Bereaved families from Okinawa visit Saipan, Tinian to pray for WWII dead

People in Okinawa who lost family members during World War Two are headed for islands in the Western Pacific where many people with roots in Japan's southwestern prefecture died in the fighting.

Participants attended a departure ceremony at an Okinawa airport on Thursday.

Thirty-seven people between the ages of 20 and 93 will visit the Northern Mariana Islands of Saipan and Tinian through Monday and pray for the souls of those who perished there.

Many people moved from Okinawa to the islands after Japan gained control of them following the end of World War One. It's estimated that 13,000 out of 50,000 with roots in Okinawa died during fierce battles between Japan and the United States in 1944.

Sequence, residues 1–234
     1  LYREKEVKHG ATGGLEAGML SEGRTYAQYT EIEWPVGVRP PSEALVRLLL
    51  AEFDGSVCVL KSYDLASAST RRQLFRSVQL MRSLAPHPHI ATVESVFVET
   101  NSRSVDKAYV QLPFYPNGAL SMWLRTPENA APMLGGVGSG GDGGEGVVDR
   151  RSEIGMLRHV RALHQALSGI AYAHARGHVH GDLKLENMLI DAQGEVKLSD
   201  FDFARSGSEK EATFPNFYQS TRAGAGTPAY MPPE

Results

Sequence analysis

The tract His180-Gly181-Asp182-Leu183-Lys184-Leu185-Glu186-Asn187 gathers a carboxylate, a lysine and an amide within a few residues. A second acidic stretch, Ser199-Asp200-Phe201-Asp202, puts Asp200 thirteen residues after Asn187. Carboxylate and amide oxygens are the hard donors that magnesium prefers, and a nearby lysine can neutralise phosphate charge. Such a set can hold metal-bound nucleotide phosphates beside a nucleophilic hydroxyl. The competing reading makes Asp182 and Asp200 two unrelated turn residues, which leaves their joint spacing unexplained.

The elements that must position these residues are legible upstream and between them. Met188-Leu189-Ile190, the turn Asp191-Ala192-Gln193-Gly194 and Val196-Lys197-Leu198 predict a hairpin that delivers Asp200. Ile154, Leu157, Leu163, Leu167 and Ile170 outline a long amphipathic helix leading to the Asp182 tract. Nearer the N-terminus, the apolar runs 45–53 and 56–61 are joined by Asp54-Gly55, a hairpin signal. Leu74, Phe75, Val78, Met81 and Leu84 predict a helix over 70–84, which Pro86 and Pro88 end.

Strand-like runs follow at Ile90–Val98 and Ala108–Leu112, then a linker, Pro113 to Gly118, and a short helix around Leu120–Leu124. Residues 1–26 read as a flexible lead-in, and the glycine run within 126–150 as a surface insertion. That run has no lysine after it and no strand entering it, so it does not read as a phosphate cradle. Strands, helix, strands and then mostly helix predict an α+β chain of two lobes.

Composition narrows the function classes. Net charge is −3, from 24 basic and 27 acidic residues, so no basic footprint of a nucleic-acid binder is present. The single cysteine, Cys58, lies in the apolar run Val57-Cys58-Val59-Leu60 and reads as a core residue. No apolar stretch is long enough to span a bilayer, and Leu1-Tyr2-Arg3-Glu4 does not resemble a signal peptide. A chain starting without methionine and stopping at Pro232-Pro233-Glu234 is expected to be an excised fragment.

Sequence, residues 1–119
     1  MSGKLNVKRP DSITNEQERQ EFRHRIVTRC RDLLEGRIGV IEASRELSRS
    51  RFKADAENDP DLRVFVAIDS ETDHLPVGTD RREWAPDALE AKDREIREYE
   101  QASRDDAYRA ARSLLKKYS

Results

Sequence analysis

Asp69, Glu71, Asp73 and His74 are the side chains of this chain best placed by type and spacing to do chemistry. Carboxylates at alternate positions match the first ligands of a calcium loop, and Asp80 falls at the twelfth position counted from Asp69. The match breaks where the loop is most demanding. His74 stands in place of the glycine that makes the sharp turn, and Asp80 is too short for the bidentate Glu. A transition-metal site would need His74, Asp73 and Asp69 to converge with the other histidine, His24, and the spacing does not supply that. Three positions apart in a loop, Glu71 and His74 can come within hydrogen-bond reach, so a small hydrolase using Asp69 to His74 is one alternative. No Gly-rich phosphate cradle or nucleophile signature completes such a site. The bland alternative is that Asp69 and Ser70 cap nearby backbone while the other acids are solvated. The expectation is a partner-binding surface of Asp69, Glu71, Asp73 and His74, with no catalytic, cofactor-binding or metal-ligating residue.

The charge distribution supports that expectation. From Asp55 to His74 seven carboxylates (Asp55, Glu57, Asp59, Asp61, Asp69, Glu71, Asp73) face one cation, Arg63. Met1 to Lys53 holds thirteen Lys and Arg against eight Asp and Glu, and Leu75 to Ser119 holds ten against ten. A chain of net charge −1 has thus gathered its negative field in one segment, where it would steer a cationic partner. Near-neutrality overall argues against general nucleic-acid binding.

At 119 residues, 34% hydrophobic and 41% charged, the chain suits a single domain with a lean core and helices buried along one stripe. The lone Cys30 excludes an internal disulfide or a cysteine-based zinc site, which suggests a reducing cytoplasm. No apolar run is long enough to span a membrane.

The number of survivors is steadily declining. Yonashiro Haruko, 93, said her father, younger and older brothers and sisters have all died. She added that she has visited there six times and thinks this will be her final trip.

This year, some younger relatives -- including grandchildren and great-grandchildren -- are participating for the first time in the event.